Additionally, our population needs food on a consistent basis year round. Real food is err to the climate, soil quality, amount of land available for growth, and other natural plights of nature. Large food producers can’t risk a bad crop, disease, or any other limit to production. They stack the odds in their favor by hormone-ing, preserving, chemical-ing antibiotic-ing, etc.
With our limitless demands, limited resources, and general notion of entitlement (give me something but I don’t want to work or pay for it), this is the only way to guarantee consistent, affordable food for the masses. As resources are under a never-ending continued strain, this process will only get more extreme as time goes on. Less food, more chemical.
Does the above process create the best food for you to eat? If we want premium fuel, what would logic dictate as the best food choices? If you were to compare a small piece of grass-fed beef or a few whole eggs that you are familiar with the origins of and man has ate since the dawn of time to a plate of frozen “non-fat” soy giblets flavored and engineered to look like dinosaurs, which would you chose?
I’m not a judge, I’m just asking. Which do you think could lead to greater problems in our nation’s health?
Educate yourself and decide what you are comfortable feeding you and your family most of the time. Whatever your decision is, stick with it as much as you can. When you can’t, it’s not the end of the world. Prevalent, not occasional behavior is what will shape your health.
In my opinion, when it comes to pollution, none is worse than the CO2 expelled from someone saying they are going to do something, then don’t do it. Acting on a belief is hard, especially if it’s a new belief or revelation. It takes forethought, discipline, energy, and commitment.
Due to the over-prevalence of inferior choices, eating for quality does require more of a process than “me hungry, must swallow stuff”. You may have to do some research and select food producers or stores you feel comfortable with. You will have to spend some time to prepare your food. Be ready to allocate some financial resources when you’re going for higher quality food as well.
In the situations where practicality reigns, making a better food choice may mean comparing two different snacks and going with the one with the shorter ingredients list. It may also mean “my friend is going to a chain restaurant for their birthday dinner so I’m going to go, eat, have fun, and keep my mouth shut about how nutritionally Pius I am”.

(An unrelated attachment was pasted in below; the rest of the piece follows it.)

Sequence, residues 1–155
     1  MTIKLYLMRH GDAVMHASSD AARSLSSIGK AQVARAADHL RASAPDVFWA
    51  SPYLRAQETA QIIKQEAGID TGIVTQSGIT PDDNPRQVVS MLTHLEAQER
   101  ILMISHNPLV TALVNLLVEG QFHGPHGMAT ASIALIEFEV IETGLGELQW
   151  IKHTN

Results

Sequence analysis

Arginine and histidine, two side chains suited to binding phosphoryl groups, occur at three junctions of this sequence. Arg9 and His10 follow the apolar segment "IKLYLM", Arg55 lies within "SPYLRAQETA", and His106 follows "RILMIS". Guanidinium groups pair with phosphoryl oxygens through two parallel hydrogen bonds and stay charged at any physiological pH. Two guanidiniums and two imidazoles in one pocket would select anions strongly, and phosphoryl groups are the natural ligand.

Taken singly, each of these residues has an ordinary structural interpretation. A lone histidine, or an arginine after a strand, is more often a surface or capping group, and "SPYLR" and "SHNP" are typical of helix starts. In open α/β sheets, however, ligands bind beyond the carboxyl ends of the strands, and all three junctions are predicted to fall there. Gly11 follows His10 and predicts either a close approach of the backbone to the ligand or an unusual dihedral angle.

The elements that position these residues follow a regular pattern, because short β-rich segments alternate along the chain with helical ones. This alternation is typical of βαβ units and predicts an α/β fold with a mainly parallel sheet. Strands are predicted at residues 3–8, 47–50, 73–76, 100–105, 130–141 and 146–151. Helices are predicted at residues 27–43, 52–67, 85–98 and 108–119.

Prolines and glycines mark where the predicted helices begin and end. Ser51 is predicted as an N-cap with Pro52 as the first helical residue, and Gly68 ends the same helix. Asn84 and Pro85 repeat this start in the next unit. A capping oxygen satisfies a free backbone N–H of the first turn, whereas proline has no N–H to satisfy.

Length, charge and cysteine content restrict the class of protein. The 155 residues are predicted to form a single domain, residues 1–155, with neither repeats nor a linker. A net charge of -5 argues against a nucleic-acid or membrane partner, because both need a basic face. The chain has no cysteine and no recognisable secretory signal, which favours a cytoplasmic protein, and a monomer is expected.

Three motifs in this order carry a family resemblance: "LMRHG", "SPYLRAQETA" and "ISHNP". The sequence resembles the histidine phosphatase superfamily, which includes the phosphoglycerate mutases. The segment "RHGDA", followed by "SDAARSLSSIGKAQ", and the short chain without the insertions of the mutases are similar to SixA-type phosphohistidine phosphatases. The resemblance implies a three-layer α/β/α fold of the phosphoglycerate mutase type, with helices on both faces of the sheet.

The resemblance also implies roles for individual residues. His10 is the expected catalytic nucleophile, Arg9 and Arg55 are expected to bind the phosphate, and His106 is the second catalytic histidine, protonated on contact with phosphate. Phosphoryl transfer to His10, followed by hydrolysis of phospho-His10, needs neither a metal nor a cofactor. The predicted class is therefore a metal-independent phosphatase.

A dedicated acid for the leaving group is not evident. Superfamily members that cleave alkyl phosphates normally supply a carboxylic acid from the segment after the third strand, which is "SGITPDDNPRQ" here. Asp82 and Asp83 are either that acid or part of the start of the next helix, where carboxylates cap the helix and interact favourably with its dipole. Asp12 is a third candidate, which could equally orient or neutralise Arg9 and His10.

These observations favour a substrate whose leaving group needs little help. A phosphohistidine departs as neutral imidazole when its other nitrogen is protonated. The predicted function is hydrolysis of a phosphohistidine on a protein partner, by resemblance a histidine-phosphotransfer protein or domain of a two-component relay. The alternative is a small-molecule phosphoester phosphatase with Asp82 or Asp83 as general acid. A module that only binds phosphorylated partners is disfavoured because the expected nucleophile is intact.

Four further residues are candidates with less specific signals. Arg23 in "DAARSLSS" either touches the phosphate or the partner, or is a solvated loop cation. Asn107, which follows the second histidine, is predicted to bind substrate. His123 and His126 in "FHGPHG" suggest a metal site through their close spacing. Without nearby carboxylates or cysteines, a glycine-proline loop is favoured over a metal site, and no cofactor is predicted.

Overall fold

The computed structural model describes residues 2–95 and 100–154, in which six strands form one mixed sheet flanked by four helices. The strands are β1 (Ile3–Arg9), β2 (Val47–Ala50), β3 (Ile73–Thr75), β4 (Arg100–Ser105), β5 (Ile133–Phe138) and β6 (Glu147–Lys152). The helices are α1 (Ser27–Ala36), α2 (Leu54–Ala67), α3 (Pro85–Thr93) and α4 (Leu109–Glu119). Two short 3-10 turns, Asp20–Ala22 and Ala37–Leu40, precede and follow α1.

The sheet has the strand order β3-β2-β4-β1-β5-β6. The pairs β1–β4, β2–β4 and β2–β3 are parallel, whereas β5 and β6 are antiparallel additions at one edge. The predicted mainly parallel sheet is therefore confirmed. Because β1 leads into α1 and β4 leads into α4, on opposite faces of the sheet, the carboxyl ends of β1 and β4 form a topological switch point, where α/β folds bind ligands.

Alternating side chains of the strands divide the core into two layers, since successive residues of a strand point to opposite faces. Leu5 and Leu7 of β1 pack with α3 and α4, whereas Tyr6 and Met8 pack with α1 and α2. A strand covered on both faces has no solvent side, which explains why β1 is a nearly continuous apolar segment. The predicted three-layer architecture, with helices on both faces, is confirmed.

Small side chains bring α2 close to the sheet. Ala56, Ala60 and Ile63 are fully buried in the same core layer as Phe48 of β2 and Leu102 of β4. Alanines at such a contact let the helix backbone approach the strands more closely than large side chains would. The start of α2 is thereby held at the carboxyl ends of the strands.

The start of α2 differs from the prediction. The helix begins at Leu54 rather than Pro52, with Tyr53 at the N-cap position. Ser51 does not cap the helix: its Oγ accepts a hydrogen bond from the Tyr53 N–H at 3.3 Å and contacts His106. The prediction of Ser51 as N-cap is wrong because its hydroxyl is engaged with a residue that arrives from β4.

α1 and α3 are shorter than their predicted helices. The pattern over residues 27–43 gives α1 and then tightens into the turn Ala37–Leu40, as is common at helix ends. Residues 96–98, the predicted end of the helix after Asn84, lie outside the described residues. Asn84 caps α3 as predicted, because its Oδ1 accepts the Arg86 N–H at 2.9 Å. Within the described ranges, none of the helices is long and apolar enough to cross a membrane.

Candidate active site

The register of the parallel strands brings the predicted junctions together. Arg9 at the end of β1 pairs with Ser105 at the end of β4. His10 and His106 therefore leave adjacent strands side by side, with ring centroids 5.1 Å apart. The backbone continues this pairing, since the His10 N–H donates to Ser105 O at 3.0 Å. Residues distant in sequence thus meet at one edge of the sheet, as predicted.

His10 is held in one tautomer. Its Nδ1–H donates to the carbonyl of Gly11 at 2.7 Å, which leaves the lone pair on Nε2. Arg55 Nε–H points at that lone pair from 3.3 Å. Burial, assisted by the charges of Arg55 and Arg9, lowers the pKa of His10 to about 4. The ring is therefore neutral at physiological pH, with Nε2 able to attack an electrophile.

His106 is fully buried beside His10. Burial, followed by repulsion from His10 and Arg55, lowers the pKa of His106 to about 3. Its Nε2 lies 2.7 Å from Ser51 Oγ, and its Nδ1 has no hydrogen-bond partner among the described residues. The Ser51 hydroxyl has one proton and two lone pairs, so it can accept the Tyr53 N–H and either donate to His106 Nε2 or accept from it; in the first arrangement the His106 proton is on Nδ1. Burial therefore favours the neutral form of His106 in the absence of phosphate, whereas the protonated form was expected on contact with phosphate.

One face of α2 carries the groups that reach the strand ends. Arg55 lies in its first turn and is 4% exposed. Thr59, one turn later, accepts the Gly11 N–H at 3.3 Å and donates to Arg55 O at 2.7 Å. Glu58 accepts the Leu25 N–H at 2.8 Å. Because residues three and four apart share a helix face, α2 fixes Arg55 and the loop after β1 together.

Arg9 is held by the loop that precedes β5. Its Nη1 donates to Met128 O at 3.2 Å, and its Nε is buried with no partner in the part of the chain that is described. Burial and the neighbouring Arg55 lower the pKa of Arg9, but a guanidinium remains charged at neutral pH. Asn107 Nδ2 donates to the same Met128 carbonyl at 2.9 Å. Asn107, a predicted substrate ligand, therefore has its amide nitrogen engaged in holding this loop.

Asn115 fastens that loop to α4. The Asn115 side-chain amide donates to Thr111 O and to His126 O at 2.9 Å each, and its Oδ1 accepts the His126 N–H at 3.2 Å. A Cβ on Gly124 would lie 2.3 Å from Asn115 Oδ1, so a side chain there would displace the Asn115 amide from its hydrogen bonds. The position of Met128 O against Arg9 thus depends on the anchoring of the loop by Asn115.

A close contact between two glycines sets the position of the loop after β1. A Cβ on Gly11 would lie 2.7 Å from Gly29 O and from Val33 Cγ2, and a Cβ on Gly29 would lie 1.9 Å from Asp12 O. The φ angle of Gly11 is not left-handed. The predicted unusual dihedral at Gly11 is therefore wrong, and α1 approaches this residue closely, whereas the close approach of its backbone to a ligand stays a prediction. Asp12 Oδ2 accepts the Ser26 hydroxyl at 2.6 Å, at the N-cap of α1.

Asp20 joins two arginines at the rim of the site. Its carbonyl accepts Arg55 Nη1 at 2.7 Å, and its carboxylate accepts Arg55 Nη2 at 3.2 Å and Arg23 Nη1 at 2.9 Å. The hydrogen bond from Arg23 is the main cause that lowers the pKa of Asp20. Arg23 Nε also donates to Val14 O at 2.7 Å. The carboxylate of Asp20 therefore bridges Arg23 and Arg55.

Unless our friends have birthdays every day or our lack of planning results in “which one is less bad” decisions every time we eat, these “blips” in a nutritional program are inconsequential. Remember prevalent, not occasional behavior is what shapes your health.
Start to pay attention to how the food you eat makes you feel. What foods make you gassy, tired, agitated, inflamed, etc. Also, what foods give you energy, focus, and the metabolism you want. Like a car, you do need to drive it to assess the quality of the fuel. Establish a relationship between what you eat, what you do, and how you feel.
That morning sluggishness, afternoon heartburn, 3 p.m. crash, and sleepless evening do not have to be daily human plights. Much like you don’t fix a leak in the sink buy buying a bigger bailing bucket, you’re not going to fix health problems you’ve created by getting more and more powerful drugs (caffeine, sleeping pills, antacids, etc.) Fix the leak, not the bailing bucket.
To determine what the best nutritional approach is for you; think, act and feel. Remember “premium fuel only” for optimal performance. Put that 3 cent sticker by your mouth if necessary. It will save you thousands, if not more. Never forget to enjoy life. Use your nutritional paradigm to guide, not indoctrinate you. Inspire, don’t condemn others!